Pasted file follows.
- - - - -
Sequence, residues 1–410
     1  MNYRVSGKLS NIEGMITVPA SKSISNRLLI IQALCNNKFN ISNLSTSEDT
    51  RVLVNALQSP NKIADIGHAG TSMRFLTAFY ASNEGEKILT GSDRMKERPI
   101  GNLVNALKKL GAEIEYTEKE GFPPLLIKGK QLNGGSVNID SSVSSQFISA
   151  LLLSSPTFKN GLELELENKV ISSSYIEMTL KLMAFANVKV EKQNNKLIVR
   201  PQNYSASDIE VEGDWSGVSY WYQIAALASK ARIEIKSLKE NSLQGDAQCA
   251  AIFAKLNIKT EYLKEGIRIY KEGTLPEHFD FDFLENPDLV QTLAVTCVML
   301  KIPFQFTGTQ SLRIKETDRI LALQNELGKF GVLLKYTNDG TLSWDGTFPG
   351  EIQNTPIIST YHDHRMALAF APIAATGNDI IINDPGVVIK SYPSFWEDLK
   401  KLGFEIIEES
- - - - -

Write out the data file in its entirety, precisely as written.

Sequence, residues 1–410
     1  MNYRVSGKLS NIEGMITVPA SKSISNRLLI IQALCNNKFN ISNLSTSEDT
    51  RVLVNALQSP NKIADIGHAG TSMRFLTAFY ASNEGEKILT GSDRMKERPI
   101  GNLVNALKKL GAEIEYTEKE GFPPLLIKGK QLNGGSVNID SSVSSQFISA
   151  LLLSSPTFKN GLELELENKV ISSSYIEMTL KLMAFANVKV EKQNNKLIVR
   201  PQNYSASDIE VEGDWSGVSY WYQIAALASK ARIEIKSLKE NSLQGDAQCA
   251  AIFAKLNIKT EYLKEGIRIY KEGTLPEHFD FDFLENPDLV QTLAVTCVML
   301  KIPFQFTGTQ SLRIKETDRI LALQNELGKF GVLLKYTNDG TLSWDGTFPG
   351  EIQNTPIIST YHDHRMALAF APIAATGNDI IINDPGVVIK SYPSFWEDLK
   401  KLGFEIIEES